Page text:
WARNINGS AND PRECAUTIONS

Blood Pressure and Heart Rate Increases

SUNOSI increases systolic blood pressure, diastolic blood pressure, and heart rate in a dose-dependent fashion. Epidemiological data show that chronic elevations in blood pressure increase the risk of major adverse cardiovascular events (MACE), including stroke, heart attack, and cardiovascular death. The magnitude of the increase in absolute risk is dependent on the increase in blood pressure and the underlying risk of MACE in the population being treated. Many patients with narcolepsy and OSA have multiple risk factors for MACE, including hypertension, diabetes, hyperlipidemia, and high body mass index (BMI).

Assess blood pressure and control hypertension before initiating treatment with SUNOSI. Monitor blood pressure regularly during treatment and treat new-onset hypertension and exacerbations of pre-existing hypertension. Exercise caution when treating patients at higher risk of MACE, particularly patients with known cardiovascular and cerebrovascular disease, pre-existing hypertension, and patients with advanced age. Use caution with other drugs that increase blood pressure and heart rate.

Periodically reassess the need for continued treatment with SUNOSI. If a patient experiences increases in blood pressure or heart rate that cannot be managed with dose reduction of SUNOSI or other appropriate medical intervention, consider discontinuation of SUNOSI.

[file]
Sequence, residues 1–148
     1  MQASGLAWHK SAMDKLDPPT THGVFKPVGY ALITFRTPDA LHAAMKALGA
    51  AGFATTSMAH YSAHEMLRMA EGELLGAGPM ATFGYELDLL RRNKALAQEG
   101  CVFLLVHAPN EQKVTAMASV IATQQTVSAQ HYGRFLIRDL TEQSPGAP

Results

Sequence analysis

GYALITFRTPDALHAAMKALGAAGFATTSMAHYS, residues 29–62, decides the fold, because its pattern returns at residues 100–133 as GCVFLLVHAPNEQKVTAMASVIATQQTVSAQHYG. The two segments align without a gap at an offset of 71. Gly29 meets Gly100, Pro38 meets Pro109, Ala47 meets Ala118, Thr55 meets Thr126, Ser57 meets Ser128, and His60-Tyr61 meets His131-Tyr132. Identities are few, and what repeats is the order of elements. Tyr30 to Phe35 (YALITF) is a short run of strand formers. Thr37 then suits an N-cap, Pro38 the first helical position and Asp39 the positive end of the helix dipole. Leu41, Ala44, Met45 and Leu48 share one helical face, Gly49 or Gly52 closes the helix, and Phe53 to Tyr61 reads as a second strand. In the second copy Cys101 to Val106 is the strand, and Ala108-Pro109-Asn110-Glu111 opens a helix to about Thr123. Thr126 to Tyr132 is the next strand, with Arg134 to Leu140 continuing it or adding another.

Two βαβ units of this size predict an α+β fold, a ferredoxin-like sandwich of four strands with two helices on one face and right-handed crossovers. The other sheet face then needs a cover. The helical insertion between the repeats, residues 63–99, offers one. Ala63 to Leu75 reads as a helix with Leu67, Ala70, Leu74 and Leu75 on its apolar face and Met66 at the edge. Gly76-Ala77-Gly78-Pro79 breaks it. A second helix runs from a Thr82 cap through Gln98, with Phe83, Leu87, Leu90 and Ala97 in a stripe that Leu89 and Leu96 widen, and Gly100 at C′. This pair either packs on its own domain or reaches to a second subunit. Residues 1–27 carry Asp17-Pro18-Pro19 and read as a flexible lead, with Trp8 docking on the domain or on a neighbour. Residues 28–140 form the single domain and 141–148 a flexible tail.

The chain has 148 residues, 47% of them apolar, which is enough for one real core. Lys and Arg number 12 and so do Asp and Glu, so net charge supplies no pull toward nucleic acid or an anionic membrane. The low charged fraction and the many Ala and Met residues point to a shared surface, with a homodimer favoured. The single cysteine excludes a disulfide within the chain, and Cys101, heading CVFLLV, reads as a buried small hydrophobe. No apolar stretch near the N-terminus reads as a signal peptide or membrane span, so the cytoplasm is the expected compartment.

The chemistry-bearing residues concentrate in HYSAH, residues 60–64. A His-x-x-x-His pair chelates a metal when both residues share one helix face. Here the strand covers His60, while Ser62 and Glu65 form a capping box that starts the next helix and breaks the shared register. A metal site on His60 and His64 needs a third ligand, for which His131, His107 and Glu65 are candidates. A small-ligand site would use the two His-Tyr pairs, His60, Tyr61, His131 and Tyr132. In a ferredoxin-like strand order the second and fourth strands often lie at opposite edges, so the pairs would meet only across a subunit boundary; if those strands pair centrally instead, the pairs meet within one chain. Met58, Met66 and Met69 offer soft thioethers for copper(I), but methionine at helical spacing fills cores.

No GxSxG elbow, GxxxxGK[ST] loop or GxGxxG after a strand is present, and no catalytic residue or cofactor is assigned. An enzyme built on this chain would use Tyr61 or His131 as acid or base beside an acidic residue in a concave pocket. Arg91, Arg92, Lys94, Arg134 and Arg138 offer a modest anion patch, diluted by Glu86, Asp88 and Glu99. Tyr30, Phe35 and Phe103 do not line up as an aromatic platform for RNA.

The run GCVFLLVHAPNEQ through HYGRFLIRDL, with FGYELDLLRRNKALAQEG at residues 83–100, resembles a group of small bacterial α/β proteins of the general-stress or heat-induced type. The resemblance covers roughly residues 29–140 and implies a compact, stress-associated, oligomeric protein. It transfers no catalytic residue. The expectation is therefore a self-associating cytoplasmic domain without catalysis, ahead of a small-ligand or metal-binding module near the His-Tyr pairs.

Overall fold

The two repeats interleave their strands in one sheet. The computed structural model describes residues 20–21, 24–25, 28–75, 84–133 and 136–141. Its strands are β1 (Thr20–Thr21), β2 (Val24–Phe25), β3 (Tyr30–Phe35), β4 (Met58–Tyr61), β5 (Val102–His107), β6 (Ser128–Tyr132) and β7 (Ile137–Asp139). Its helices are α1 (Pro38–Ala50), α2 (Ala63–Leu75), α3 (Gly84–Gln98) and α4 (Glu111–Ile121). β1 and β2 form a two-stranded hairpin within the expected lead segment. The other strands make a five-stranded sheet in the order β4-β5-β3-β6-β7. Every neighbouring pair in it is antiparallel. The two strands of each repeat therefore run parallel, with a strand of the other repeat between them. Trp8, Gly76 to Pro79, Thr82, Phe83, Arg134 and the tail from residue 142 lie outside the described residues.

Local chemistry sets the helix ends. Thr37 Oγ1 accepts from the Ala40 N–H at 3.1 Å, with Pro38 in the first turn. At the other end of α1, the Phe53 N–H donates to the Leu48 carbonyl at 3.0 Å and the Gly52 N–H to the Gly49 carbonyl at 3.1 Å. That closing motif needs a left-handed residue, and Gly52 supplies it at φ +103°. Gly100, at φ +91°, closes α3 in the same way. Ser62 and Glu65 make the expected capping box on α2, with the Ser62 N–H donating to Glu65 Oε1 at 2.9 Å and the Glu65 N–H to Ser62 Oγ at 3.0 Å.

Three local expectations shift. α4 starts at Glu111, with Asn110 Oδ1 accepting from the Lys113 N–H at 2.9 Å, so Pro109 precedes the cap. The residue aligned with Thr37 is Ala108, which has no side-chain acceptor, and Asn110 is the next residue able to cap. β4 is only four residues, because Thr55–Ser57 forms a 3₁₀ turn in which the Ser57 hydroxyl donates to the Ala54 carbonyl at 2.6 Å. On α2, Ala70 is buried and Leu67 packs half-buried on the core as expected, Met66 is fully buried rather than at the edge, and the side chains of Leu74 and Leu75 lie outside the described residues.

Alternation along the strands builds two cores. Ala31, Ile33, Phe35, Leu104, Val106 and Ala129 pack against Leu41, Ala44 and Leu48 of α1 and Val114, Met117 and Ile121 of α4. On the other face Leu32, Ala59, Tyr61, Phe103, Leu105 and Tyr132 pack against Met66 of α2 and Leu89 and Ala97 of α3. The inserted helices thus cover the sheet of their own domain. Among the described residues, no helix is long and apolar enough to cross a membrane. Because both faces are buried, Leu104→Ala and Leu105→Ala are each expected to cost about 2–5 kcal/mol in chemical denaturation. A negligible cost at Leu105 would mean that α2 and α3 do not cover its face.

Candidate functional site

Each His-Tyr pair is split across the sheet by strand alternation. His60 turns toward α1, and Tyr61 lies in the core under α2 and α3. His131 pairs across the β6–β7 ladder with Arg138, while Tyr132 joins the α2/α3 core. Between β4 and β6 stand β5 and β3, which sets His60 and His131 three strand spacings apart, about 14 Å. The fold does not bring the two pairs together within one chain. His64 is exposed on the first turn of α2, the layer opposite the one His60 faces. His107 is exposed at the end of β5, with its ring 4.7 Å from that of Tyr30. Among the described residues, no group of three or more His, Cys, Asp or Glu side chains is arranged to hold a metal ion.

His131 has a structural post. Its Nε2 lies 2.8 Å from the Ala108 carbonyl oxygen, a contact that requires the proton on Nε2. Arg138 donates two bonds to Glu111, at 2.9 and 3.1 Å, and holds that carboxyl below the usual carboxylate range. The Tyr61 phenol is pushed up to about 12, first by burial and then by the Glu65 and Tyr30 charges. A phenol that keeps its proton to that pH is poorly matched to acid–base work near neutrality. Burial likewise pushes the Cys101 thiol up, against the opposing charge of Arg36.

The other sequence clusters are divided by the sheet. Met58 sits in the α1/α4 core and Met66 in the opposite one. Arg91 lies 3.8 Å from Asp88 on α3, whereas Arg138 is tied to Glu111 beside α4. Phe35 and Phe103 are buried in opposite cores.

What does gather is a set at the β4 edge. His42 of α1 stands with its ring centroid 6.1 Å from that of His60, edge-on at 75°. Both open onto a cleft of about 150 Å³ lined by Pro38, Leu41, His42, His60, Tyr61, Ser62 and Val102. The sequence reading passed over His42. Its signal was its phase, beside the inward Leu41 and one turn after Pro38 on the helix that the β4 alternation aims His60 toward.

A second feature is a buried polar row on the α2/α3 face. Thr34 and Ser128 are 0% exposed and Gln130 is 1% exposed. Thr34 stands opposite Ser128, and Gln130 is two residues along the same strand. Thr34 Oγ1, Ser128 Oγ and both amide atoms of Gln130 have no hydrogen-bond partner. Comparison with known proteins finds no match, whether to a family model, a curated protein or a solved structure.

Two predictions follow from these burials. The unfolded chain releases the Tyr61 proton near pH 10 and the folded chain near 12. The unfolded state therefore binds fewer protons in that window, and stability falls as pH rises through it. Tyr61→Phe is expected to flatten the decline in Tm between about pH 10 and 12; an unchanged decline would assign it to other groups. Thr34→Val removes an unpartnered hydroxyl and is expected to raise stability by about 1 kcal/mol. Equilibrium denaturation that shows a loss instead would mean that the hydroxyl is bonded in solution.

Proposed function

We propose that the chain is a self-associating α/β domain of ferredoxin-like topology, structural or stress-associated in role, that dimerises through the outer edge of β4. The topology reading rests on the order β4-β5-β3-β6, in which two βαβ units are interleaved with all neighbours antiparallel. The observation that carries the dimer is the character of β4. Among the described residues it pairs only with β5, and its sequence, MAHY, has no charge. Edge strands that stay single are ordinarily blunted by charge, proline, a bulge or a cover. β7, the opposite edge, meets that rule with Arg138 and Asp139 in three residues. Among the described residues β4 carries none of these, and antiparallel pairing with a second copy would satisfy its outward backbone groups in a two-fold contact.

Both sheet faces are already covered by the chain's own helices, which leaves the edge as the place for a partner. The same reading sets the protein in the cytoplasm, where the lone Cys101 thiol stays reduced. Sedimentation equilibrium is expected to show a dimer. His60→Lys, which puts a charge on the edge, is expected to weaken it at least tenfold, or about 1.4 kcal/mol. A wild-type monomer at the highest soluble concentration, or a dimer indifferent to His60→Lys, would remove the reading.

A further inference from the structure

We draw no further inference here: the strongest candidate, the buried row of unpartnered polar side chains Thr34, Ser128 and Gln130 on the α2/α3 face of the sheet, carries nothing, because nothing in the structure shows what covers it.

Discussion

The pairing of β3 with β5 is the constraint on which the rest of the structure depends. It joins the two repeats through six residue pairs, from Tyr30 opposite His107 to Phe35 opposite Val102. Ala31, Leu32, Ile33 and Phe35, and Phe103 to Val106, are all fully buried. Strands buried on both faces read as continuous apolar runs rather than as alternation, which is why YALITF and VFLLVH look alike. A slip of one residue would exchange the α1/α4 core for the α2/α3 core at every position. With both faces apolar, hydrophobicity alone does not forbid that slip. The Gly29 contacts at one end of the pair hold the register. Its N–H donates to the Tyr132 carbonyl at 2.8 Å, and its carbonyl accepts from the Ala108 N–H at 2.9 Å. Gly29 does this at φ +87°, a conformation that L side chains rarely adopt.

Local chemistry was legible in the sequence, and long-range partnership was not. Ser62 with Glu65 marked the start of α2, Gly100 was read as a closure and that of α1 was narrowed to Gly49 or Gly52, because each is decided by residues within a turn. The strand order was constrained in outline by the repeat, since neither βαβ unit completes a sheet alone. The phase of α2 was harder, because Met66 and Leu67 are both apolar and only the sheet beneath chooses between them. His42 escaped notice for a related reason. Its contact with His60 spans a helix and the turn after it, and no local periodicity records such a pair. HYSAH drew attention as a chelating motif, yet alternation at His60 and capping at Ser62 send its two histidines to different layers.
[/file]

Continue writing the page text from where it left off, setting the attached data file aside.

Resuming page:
Patients with moderate or severe renal impairment could be at a higher risk of increases in blood pressure and heart rate because of the prolonged half-life of SUNOSI.

Psychiatric Symptoms

Psychiatric adverse reactions have been observed in clinical trials with SUNOSI, including anxiety, insomnia, and irritability.

Exercise caution when treating patients with SUNOSI who have a history of psychosis or bipolar disorders, as SUNOSI has not been evaluated in these patients.

Patients with moderate or severe renal impairment may be at a higher risk of psychiatric symptoms because of the prolonged half-life of SUNOSI.

Observe SUNOSI patients for the possible emergence or exacerbation of psychiatric symptoms. Consider dose reduction or discontinuation of SUNOSI if psychiatric symptoms develop.

MOST COMMON ADVERSE REACTIONS

The most common adverse reactions (incidence ≥5%) reported more frequently with the use of SUNOSI than placebo in either narcolepsy or OSA were headache, nausea, decreased appetite, anxiety, and insomnia.

Dose-Dependent Adverse Reactions

In the 12-week placebo-controlled clinical trials that compared doses of 37.5 mg, 75 mg, and 150 mg/day of SUNOSI to placebo, the following adverse reactions were dose-related: headache, nausea, decreased appetite, anxiety, diarrhea, and dry mouth.

DRUG INTERACTIONS